Sunday, 9 June 2013

Flying Duck Orchid (Caleana major)

"Caleana major, Flying Duck Orchid", drawing by Sarah "Sallie" Thayer, 2013

Caleana major, Flying Duck Orchid is a small orchid found in eastern and southern Australia.  This terrestrial plant features a remarkable flower, resembling a duck in flight.  Occurring from Queensland to South Australia, to even Tasmania, this plant is found in eucalyptus woodland in coastal or swampy shrub-land and heath-land.  Mostly near the coast, but occasionally at higher altitudes.  Because of the small size, it is a difficult plant to notice in the wild (see photo below).  
Flying Duck Orchids growing wild in
Australia -- you can see how small

the flower actually is and how easy
it would be to overlook it.

The genus Caleana was named after George Caley, an early botanical collector. Latin for "larger", major refers to the contrast with the other smaller Duck orchid, Paracaleana minor. The original specimen of this plant was collected at Bennelong Point, the present day site of the Sydney Opera House in September, 1803. In 1810, the species originally appeared in the scientific literature, Prodromus Florae Novae Hollandiae, authored by the prolific Scottish botanist, Robert Brown. 

The Caleana is more often known as the Flying Duck Orchid – and for fairly obvious reasons. It looks like a duck in flight, its wings swept back, head and beak held high and proud. This attractive yet amusing addition to the orchid genus is a native of Australia; however, if you have suddenly been gripped by the desire to own your very own duck orchid then you will be disappointed.  Despite numerous attempts, this orchid stubbornly refuses to be propagated, and is only found in the wild. This is because the roots of Caleana have a symbiotic relationship with the vegetative part of a fungus which only thrives in the part of Australia in which it originates. The fungus helps the plant to stave off infections and without its help the duck orchid never lasts long.



I had a wonderful experience last night that almost made up for
the fact that I couldn't be in Alabama on Saturday, June 8th!

There are 10 boys standing in the very back row -- and one girl --
wouldn't you just know it, that girl is me!
My phone rang about 7:10 our time (6:10 p.m. in Alabama) and it was the high school friend at whose home the class reunion was being held this year.  He generously made his phone available for the next 45 minutes while I got to speak to as many of my former classmates as he could round up at the time.  I spoke to so many people I haven't spoken with in over 50 years!  Some of them I have been in contact with by email in these later years of Internet availability and some I have even seen several times in the years since high school.  However, many of the people I spoke with last night still, in my memory, look just as they did in this photograph above!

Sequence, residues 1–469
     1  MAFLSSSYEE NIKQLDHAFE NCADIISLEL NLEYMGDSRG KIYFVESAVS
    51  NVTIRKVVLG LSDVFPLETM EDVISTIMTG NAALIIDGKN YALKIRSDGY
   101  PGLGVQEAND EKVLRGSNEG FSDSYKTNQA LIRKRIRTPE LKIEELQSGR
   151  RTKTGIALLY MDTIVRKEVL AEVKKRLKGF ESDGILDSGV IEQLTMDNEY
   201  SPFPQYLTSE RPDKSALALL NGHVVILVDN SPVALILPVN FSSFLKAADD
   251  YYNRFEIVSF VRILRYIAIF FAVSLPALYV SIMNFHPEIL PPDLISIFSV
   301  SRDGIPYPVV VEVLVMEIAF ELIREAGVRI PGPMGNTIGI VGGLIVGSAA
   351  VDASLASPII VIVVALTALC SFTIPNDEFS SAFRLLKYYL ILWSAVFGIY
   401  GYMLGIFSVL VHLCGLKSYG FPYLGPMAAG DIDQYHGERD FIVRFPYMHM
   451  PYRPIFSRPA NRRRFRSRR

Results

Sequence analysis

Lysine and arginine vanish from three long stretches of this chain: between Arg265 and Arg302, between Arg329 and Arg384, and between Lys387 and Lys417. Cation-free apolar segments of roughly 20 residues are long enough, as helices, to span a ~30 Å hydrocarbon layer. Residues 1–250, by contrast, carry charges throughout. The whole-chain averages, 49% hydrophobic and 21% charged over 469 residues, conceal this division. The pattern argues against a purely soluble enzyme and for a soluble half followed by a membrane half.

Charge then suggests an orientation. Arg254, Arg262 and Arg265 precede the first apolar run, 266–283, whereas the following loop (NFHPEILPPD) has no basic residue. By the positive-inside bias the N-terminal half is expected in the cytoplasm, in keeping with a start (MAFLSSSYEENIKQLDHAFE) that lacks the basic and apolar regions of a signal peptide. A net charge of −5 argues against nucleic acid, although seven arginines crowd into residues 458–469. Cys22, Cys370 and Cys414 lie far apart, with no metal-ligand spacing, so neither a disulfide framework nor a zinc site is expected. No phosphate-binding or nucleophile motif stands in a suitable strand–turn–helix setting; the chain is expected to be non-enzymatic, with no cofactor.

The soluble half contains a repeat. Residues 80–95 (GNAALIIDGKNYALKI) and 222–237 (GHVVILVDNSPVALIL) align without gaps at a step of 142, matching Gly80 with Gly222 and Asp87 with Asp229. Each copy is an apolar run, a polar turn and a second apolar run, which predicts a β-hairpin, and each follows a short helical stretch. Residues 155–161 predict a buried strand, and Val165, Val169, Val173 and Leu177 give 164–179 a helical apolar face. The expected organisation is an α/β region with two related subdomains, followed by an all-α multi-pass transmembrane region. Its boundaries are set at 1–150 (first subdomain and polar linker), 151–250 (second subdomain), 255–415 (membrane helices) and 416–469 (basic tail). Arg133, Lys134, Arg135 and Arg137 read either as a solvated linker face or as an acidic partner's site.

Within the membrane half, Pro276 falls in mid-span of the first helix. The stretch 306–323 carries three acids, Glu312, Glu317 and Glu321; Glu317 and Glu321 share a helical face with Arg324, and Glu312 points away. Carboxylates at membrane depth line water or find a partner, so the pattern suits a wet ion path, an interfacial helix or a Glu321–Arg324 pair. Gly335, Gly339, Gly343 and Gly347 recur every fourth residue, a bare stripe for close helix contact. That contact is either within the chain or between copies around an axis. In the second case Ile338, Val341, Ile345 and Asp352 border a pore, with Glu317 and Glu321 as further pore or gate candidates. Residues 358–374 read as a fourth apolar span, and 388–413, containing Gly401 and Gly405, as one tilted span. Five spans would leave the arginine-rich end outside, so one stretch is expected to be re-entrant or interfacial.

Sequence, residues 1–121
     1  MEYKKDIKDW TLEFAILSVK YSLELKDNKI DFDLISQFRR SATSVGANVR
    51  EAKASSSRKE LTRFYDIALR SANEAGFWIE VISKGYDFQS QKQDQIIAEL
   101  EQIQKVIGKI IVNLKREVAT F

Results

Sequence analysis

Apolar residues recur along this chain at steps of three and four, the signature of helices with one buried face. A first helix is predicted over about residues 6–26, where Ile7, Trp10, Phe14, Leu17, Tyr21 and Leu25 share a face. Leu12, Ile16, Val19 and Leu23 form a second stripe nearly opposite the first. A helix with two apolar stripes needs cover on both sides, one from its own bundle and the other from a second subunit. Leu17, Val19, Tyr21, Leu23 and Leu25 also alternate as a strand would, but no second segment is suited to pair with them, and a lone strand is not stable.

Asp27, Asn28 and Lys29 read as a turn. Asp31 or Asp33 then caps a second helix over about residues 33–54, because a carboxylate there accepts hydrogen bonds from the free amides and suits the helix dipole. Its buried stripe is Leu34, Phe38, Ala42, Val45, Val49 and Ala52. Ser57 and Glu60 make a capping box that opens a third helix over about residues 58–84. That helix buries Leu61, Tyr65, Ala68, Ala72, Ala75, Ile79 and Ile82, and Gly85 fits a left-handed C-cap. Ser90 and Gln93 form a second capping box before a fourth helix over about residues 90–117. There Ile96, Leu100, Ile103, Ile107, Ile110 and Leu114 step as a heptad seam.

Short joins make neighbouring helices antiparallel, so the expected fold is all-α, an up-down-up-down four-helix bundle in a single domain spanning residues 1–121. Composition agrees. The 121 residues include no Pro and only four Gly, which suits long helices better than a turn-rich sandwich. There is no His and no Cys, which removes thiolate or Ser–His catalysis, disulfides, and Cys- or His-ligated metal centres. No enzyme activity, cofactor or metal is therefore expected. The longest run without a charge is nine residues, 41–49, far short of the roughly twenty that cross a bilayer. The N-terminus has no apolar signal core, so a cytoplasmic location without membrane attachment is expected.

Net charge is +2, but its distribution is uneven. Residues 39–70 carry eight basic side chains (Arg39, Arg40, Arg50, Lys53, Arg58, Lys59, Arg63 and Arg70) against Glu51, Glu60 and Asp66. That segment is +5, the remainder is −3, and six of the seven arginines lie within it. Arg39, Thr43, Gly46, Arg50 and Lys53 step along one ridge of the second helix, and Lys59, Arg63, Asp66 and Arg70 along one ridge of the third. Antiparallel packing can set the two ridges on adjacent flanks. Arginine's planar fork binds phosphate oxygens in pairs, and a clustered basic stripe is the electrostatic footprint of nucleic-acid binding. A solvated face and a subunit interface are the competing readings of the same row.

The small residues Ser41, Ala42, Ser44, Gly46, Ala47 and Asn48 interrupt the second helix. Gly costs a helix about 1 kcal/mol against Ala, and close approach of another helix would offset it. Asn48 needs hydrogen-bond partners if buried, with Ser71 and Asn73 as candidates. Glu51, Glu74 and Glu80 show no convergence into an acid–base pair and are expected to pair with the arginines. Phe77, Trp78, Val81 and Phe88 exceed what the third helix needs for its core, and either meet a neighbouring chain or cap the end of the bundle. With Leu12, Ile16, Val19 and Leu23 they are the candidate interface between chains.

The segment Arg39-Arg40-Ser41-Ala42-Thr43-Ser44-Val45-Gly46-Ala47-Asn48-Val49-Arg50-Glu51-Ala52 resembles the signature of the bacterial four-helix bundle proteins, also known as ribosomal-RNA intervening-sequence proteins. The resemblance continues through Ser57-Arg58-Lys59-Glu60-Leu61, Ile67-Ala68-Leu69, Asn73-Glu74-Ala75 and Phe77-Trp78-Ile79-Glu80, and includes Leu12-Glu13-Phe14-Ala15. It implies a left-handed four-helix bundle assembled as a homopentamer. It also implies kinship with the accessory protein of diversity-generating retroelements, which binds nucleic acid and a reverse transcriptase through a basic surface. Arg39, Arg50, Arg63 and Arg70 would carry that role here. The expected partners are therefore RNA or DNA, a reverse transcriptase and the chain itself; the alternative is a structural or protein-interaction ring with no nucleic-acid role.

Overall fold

Too many of them have already passed away through disease or accident and so will be forever remembered by me as the young person I once knew.  But, really, it is amazing how many of us are still around after all these years -- and almost all of them are still living in the same area of the U.S where they were born and grew up.  For the most part, they all have had children and grandchildren and now many also have great-grandchildren.  What a joy that must be to be able to look out at a family gathering and see all these younger people and know that they are all here as the result of the love between you and your wife.

I am still feeling the after affects of all those conversation I had last night and will be remembering who I spoke with and what they had to say to me for many days to come.  I feel truly blessed .



Suki says:  "Don't take pictures of me while I am grooming
myself.  Can't a cat have a little privacy around here?!"
I have been trying to find a way to get more oil into Suki!  The reason for this is that Suki has dandruff.  [Shhh, don't tell her I told you that or she would be very upset with me.]  Anyway, at first when I noticed it I was afraid that it might be fleas -- although I had no idea how she could have possibly gotten them after this many years without any contact with another cat or dog.  After doing some research, however, I decided that it was simply of case of not enough fatty acids in her diet combined with living in the dry air of modern apartments.